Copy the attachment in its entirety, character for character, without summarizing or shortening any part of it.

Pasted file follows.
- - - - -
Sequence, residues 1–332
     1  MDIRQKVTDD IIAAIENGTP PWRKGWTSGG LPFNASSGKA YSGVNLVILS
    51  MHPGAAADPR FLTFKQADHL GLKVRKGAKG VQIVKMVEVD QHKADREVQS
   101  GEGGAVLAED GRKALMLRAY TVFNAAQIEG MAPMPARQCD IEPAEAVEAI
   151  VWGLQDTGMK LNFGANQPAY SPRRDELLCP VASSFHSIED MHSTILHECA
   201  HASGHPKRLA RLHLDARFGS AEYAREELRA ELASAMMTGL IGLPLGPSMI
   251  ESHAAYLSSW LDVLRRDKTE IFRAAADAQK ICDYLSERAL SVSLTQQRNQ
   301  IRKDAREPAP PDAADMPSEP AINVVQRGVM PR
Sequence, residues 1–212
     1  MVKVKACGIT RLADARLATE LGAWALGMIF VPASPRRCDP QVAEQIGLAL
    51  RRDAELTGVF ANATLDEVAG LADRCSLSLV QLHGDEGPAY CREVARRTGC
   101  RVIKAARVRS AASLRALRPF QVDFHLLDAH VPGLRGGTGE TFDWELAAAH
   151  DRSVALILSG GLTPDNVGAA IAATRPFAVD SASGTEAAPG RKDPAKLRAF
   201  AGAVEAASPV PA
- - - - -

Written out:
Sequence, residues 1–332
     1  MDIRQKVTDD IIAAIENGTP PWRKGWTSGG LPFNASSGKA YSGVNLVILS
    51  MHPGAAADPR FLTFKQADHL GLKVRKGAKG VQIVKMVEVD QHKADREVQS
   101  GEGGAVLAED GRKALMLRAY TVFNAAQIEG MAPMPARQCD IEPAEAVEAI
   151  VWGLQDTGMK LNFGANQPAY SPRRDELLCP VASSFHSIED MHSTILHECA
   201  HASGHPKRLA RLHLDARFGS AEYAREELRA ELASAMMTGL IGLPLGPSMI
   251  ESHAAYLSSW LDVLRRDKTE IFRAAADAQK ICDYLSERAL SVSLTQQRNQ
   301  IRKDAREPAP PDAADMPSEP AINVVQRGVM PR
Sequence, residues 1–212
     1  MVKVKACGIT RLADARLATE LGAWALGMIF VPASPRRCDP QVAEQIGLAL
    51  RRDAELTGVF ANATLDEVAG LADRCSLSLV QLHGDEGPAY CREVARRTGC
   101  RVIKAARVRS AASLRALRPF QVDFHLLDAH VPGLRGGTGE TFDWELAAAH
   151  DRSVALILSG GLTPDNVGAA IAATRPFAVD SASGTEAAPG RKDPAKLRAF
   201  AGAVEAASPV PA